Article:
Figure 2.

miRNAs direct FTO/AGO1/ILF3 complex on RRACH m6A motifs to induce RNA demethylation and increase in nascent translation during the transition of GSCs to differentiated progenies.

4. The epitranscriptome as a therapeutic target in glioblastoma

Though in its infancy, the field of epitranscriptomics holds significant promise for the development of novel epigenetic therapies against GBM. Currently, strategies for targeting the m6A machinery in glioblastoma are directed at the inhibition of enzymatic activity [45, 46]. Recently, targeting of the m6A erasers as well as YTHDF2 have shown some encouraging results for GBM treatment [48]. Specifically, it was shown that high levels of YTHDF2 correlate with increased sensitivity to Linsitinib, an inhibitor of the YTHDF2 downstream effector IGFBP3 [48].

Another emerging avenue is the fusion of m6A machinery components to RNA targeting CRISPR complexes [53, 54]. The deployment of the m6A machinery-CRISPR complex can allow for the specific activation or deactivation of specific transcripts via m6A manipulation [56, 57]. The safe and reversible target specific stabilization or destabilization of coding and/or non-coding RNA species represents an exciting frontier in the development of RNA based therapeutics.

However, these findings leave more avenues for inquiry. For example, what role does the epitrancriptome play in de-differentiation of GSCs, in therapeutic evasion and in microstate transitions of GSCs and differentiated progenies? Are there specific “m6A codes” associated with specific cellular microstates? And how do m6A processes work in synergy with other cellular machineries such as miRNAs, long non-coding RNAs, or well established GBM tumor promoting/suppressing signaling pathways to maintain plasticity? Are m6A dynamics driving or secondary events in GBM microstate transitions? Evidently, more work needs to be done to probe the m6A/plasticity interface in GSCs in order to aid in the discovery of novel epigenetic therapies targeting GSC plasticity.

5. A systems approach towards an epigenetic landscape in glioblastoma

Recent advancements in single cell RNA sequencing, which include integrated single cell multi-omics analysis, as well as the application of novel algorithms such as pseudotime and RNA velocity have allowed for better characterization of the dynamics within the heterogenous GBM tumor niche [21, 55, 56]. Initial single cell analysis demonstrated that GBM cancer cells exist in a cell state continuum with polarization towards specific fates [55]. Additionally, projection of single cell transcriptomics onto a fetal neurodevelopmental roadmap identified previously unidentified glioma stem cell properties and established GSC at the apex of the glioblastoma tumor hierarchy [21]. These rapidly cycling apical progenitor cancer stem cells were found to have a transcriptional profile that overlapped glial progenitor cells [21]. Furthermore, RNA velocity analysis showed apical stem cell transcriptional adjacency and velocity vector flow towards the more differentiated tumor cell lineages [21]. Collectively, such findings hint at clear plasticity/fluidity within the tumor. The integration of epitranscritpomics with single cell multi-omics technology could help unveil the yet undiscovered mechanism of how dynamic m6A changes play a role in driving plasticity within the tumor niche.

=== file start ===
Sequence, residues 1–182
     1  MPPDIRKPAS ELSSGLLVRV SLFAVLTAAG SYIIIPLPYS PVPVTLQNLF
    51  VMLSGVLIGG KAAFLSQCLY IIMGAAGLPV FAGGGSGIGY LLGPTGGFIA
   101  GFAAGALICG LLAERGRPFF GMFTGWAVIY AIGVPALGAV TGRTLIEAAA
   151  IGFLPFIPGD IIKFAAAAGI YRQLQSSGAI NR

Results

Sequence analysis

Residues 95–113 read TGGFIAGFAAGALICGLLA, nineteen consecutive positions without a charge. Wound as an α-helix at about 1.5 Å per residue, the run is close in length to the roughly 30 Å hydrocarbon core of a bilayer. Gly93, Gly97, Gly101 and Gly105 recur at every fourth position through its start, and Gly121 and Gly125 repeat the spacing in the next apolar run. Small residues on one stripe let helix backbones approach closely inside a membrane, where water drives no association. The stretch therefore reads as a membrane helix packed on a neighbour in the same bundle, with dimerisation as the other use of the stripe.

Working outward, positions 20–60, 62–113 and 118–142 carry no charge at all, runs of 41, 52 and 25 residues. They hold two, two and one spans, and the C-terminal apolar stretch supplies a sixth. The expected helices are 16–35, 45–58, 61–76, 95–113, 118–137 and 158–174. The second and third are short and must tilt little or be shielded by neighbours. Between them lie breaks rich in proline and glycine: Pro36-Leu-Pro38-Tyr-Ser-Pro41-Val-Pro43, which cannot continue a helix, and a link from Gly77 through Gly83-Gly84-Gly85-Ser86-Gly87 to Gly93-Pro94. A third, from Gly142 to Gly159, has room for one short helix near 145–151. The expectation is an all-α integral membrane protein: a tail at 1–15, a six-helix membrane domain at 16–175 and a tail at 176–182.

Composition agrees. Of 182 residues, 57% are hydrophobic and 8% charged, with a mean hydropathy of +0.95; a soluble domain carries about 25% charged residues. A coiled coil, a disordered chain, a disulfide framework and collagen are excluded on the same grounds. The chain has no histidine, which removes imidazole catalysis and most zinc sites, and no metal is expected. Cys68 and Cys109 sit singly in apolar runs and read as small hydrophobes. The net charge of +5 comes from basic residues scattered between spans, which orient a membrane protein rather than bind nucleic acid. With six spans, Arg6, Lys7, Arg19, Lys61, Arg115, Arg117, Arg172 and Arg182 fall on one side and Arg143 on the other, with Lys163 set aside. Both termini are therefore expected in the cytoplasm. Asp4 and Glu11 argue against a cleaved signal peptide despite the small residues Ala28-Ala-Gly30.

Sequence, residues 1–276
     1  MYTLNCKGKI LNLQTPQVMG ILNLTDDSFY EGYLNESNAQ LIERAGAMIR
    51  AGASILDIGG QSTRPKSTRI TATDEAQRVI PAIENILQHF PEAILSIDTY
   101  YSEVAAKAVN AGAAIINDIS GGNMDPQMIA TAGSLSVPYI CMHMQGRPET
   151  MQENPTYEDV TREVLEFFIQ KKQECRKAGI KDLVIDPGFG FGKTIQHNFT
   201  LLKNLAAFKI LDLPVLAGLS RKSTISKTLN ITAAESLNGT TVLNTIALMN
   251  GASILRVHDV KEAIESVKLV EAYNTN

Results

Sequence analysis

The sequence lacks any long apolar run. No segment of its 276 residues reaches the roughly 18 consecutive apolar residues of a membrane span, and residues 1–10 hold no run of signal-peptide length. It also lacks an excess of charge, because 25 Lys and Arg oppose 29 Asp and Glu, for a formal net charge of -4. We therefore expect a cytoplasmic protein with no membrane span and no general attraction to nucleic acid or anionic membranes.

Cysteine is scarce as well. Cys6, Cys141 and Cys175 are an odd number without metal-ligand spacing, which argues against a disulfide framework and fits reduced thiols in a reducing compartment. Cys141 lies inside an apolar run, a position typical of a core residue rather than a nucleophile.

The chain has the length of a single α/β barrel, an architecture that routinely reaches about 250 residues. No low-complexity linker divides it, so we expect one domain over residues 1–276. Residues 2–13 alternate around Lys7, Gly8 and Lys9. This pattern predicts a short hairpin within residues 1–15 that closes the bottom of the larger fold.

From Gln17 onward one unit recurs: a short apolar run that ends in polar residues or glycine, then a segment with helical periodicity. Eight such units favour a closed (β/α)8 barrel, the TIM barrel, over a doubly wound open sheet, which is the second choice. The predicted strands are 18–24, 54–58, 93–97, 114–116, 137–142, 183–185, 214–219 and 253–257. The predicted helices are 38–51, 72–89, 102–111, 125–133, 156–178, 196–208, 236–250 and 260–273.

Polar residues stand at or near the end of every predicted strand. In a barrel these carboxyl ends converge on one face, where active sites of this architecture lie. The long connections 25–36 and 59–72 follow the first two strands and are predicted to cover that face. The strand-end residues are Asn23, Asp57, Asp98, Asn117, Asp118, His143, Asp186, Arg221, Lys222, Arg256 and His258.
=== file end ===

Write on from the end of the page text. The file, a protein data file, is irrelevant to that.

It has been posited that a stem cell may exist at a high or even maximal cellular state of entropy and can readily shift states in the face of perturbation [57]. Our view of the cancer stem cell state in glioblastoma agrees with the theory put forward 20 years ago [58] suggesting that the glioma stem cell is a cellular state or function rather than an entity and this state of maximum cellular entropy is influenced by the constantly adaptable microenvironment of the tumor. In this context, distribution of species would represent heterogeneity, which single cell RNA sequencing adequately captures. Quantum states would equate probability distribution of discrete cell state occupancy bias. In other words, if we looked across a large set of samples and performed, for instance, m6A, ATAC-seq, RNA-seq integrated multi-omics single cell analysis, it is possible to generate cell state probability occupancy distribution and ultimately identify discrete, preferred transcriptomic and epitranscriptomic cell state occupancies or quanta states. This will allow to construct an individualized transcriptomic/epitranscritomic landscape and to find patterns within the seemingly stochastic, chaotic environment that is the tumor.

Can we integrate multiple epigenetic “landscapes” with observed clinical outcomes and use this information on a training predictive model to identify discrete favorable and unfavorable cellular microstates? And ultimately can we target plasticity-based processes to convert the microstate cellular make up of a highly malignant tumor bulk into a less aggressive cellular composition? It is plausible that m6A regulatory processes may represent a key target in this endeavor.


6. Conclusion

In this chapter, we introduce GBM in the context of early genetic characterization and suggest that limitations in discrete classification hinted at an inherent cell state fluidity or plasticity. This plasticity may stand as a key function utilized by GSCs and differentiated cancer cells to rapidly and constantly respond to natural and non-natural/therapy induced microenvironmental fluctuations. Epitranscriptomic dynamic changes are explored as a new frontier in epigenetic based adaptation mechanisms. Additionally, single cell multi-omic technology and its yet to occur application to m6A can pave the way for improvement in GBM characterization and patient management. Lastly, we theorize that the integration of multi-omic cell technology and m6A using massive, high dimensional patient data can aid in the characterization of plasticity through the identification of GBM cell states distribution and quantum state occupancy bias. In the future, such works can be used to develop a Waddington like epigenetic landscape predicting favorable cell state distribution and thus help in the development of plasticity-based therapy to convert glioblastoma into a non-adaptable therapeutic target.

Conflict of interest

“The authors declare no conflict of interest.”

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David Karambizi and Nikos Tapinos (March 25th 2021). The Dynamic m<sup>6</sup>A Epitranscriptome in Glioma Stem Cell Plasticity and Function [Online First], IntechOpen, DOI: 10.5772/intechopen.96792. Available from: